A gift is a transfer of property to another person while receiving nothing, or less than full value, in return. Gifting property to your beneficiaries during your lifetime can be a useful tool in estate planning by:
- reducing the value of your estate that would be subject to estate tax; and
- transferring the built-in appreciation in value of gifted assets to the donee (recipient of the gift); and
- making gifts to minor beneficiaries, with potential exclusions from tax liability (e.g., a gift of $75,000 (in 2020) to a Section 529 plan in the first year is tax-free, as long as the contribution is treated as a series of five (5) equal annual gift tax exclusion gifts); and
- otherwise transferring assets to your beneficiaries, as a part of business succession planning.
In Florida, there is no Florida estate tax to be paid on the estate of the person who died; but the estate of a Florida decedent may be subject to a federal estate tax.
However, the passage of the Tax Cuts and Jobs Act of 2017 (“TCJA”) makes lifetime gifting for the purposes of reducing the value of an estate subject to estate tax, far less relevant for most taxpayers. Pursuant to the TCJA, the lifetime federal estate, gift and generation-skipping transfer tax exemption amount (that is, the total amount an individual can leave to heirs during their lifetime and at death, and pay no federal estate or gift tax) has increased substantially, to approximately $11.58 million per person (or approximately $23.16 million for married couples) in 2020. However, the current estate tax exemptions under the TCJA lapse in 2025, at which time it is unknown if they will revert to the 2017 estate tax exemption level ($5.49 million), or to some other amount.
Nevertheless, lifetime gifting can be incredibly useful, particularly when the donor is transferring built-in and unrecognized appreciation in value of the gifted assets to the donee. It may also be beneficial to gift to family members if the taxable income related to the gifted asset can be shifted to family members with lower marginal tax rates than the donor.
If the gift qualifies for the annual gift tax exclusion, then the gifted asset can be transferred to the beneficiary free of any transfer taxes (that is, free of any gift tax), without having to file a gift tax return and using part of your lifetime exemption, assuming the donor has not fully used his or her lifetime gift tax exemption amount ($11.58 million per person in 2020). The annual gift tax exclusion only applies to a “present interest” gift – where the done must have an unrestricted right to the immediate use and enjoyment of the gift. (A gift of a future interest is generally taxable, regardless of the amount of the future interest gift.)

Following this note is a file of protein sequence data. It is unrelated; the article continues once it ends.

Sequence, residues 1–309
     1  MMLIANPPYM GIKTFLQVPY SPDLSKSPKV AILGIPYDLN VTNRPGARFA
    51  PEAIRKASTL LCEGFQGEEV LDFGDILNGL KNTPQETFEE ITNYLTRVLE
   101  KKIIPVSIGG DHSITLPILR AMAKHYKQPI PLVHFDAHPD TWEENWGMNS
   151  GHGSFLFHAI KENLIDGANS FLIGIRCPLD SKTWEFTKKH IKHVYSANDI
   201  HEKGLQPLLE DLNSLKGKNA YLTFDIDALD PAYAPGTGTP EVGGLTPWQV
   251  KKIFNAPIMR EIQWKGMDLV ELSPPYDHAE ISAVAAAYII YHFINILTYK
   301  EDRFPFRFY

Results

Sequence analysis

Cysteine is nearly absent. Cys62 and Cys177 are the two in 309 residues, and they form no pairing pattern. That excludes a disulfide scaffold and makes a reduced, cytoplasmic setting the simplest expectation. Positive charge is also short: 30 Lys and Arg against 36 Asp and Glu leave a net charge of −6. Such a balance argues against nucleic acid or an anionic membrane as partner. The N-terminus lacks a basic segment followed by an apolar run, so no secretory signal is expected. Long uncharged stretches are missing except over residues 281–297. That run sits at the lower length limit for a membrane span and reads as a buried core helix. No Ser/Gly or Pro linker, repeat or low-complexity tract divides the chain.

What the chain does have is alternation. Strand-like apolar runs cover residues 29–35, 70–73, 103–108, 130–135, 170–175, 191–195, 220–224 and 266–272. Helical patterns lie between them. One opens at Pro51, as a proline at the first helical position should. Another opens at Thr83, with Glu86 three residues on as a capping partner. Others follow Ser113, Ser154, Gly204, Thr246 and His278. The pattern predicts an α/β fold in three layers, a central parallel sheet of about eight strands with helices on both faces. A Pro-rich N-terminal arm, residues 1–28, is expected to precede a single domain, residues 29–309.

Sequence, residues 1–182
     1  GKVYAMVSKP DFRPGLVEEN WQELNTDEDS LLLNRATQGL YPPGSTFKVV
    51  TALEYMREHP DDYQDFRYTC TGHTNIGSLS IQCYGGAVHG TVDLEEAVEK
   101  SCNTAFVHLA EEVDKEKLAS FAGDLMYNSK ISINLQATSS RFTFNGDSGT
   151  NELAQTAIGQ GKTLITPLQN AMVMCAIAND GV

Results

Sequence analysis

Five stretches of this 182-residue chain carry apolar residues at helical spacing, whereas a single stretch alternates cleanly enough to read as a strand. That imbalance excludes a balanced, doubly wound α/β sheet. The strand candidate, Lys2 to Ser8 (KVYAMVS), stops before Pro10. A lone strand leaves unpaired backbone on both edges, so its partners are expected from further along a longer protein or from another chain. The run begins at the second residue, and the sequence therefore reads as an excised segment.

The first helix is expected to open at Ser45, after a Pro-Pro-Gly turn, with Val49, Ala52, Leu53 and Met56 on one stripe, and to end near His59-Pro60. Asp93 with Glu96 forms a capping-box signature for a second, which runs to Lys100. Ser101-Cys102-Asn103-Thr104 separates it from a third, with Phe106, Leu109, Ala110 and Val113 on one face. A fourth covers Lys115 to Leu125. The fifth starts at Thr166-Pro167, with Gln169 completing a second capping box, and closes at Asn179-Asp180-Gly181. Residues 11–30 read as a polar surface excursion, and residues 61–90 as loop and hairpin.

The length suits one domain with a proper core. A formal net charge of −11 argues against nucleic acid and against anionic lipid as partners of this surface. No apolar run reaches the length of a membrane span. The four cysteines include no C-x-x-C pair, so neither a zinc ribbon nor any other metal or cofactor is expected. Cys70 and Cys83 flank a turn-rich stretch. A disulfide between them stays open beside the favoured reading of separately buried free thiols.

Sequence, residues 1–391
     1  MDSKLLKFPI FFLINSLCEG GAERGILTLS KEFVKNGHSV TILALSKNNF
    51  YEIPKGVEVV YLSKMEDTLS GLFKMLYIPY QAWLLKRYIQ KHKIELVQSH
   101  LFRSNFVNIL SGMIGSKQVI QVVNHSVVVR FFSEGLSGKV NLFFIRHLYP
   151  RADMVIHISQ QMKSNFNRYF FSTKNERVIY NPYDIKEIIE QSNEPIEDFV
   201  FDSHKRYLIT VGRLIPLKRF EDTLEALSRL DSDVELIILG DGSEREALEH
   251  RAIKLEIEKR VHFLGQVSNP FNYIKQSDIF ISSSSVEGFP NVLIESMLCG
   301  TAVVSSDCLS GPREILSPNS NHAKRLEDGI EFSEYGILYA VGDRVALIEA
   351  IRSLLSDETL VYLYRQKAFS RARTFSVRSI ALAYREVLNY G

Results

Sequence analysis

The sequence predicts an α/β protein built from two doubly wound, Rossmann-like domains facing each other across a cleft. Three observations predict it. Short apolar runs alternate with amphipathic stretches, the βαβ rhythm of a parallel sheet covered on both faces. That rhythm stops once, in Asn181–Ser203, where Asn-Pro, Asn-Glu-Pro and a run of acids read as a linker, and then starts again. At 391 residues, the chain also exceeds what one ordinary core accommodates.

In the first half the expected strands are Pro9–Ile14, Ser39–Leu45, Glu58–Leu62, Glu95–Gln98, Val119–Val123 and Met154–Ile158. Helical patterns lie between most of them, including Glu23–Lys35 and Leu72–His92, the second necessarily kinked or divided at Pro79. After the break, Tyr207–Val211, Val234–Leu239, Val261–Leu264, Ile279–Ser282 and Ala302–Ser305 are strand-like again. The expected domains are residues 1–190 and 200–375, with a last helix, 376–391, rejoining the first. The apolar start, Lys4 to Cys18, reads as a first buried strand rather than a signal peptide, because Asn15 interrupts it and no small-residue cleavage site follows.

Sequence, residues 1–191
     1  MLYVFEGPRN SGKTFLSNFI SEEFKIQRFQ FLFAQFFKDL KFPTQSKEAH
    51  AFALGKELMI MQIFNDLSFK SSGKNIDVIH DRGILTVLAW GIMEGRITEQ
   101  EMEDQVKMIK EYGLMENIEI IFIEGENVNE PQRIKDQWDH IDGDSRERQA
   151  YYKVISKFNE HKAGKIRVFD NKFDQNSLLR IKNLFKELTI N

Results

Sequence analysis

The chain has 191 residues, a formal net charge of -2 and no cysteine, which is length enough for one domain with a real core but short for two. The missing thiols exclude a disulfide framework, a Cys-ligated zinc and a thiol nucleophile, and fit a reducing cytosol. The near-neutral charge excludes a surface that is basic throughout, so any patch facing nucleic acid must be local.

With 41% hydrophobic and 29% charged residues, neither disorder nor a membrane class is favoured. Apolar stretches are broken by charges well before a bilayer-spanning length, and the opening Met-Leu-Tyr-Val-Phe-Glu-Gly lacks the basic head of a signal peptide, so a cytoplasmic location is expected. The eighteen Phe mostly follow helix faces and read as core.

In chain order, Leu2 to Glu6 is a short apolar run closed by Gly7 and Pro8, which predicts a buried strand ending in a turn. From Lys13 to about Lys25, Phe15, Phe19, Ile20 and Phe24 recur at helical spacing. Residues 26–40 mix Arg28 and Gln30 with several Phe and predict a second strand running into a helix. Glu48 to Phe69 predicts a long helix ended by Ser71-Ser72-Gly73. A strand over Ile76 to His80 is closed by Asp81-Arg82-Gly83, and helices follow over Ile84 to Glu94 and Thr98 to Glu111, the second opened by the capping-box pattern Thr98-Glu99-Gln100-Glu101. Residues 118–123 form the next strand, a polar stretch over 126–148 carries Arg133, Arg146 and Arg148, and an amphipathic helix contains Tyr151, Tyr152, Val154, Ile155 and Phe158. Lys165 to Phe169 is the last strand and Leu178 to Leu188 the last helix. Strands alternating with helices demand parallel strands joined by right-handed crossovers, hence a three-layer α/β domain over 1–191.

In 2020, the annual gift tax exclusion amount is $15,000 per person. That means, in 2020, you can give up to $15,000 each to multiple individuals without having to file a gift tax return. If you are a married, then in 2020, you and your spouse can give up to a combined $30,000 to multiple individuals without having to file a gift tax return. If you give a gift greater than the annual gift tax exclusion amount, then you (as the donor) must file a gift tax return. However, you may not owe any gift tax.
For each year, the amount that you give as a gift to another person that is greater than the annual gift tax exclusion amount ($15,000 per person, per donor, in 2020), is accumulated and counts against both your lifetime gift tax exemption and your federal estate tax exemption, until it reaches the lifetime estate and gift tax exemption amount ($11.58 million per person in 2020). You do not pay gift tax until you have gifted away an amount that is more than your (or if married, your and your spouse’s joint) lifetime estate and gift tax exemption. When you die, if you have given away more than your lifetime estate and gift tax exemption amount, then you will be subject to estate tax for the value of the gifts that are greater than the lifetime exemption.
The Internal Revenue Code also allows for the direct payment of tuition or medical expenses of another person (i.e., directly to the educational institution or the medical provider) to not be classified as a taxable gift, regardless of the amount.
Special considerations should be made if you would like to make a lifetime gift to minor children. For example, one of the following options may be appropriate:
- Unified Gifts to Minors Act (UGMA) / Uniform Transfers to Minors Act (UTMA) accounts: This type of account provides for a custodian to hold property, which can be used for a minor child’s health, education, maintenance and support until such child reaches the age of majority in the state where the child resides. A transfer to an UGMA or UTMA account is considered a present interest gift and eligible for the annual gift tax exclusion. Upon reaching the age of majority, the child is entitled to receive all the account assets outright.
- Section 529 college savings plans (Qualified State Tuition Programs): Section 529 plans (which differ from state-to-state) are state-sponsored investment programs designed to help save for a child’s higher education. Section 529 plans allow you to gift up to $75,000 (in 2020) in the first year, tax-free, as long as the contribution is treated as a series of five (5) equal annual gift tax exclusion gifts).
If you need help with evaluating, planning for, and gifting assets to one or more beneficiaries during your lifetime, please contact our office to set up an appointment.